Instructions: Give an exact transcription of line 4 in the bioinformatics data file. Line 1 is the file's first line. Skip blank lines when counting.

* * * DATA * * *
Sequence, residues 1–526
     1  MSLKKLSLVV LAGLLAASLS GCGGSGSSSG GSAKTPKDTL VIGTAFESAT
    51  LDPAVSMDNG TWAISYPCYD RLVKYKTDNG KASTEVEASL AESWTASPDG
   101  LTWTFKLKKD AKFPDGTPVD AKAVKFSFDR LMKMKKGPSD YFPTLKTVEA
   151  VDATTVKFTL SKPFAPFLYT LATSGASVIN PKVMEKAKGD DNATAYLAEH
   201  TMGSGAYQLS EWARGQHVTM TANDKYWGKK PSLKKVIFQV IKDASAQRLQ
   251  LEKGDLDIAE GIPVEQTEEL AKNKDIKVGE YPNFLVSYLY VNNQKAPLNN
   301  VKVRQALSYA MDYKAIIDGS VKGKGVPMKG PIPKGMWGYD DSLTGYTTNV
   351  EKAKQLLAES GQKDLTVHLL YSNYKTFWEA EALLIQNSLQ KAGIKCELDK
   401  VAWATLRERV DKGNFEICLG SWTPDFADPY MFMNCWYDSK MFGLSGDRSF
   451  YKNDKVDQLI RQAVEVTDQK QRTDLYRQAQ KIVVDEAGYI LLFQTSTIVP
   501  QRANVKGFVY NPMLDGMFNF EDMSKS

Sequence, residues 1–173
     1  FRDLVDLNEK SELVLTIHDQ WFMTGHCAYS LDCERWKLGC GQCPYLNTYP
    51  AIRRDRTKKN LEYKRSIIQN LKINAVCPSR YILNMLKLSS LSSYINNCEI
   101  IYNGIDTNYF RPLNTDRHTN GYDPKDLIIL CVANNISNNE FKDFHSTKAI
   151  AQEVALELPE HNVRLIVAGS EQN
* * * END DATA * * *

   101  LTWTFKLKKD AKFPDGTPVD AKAVKFSFDR LMKMKKGPSD YFPTLKTVEA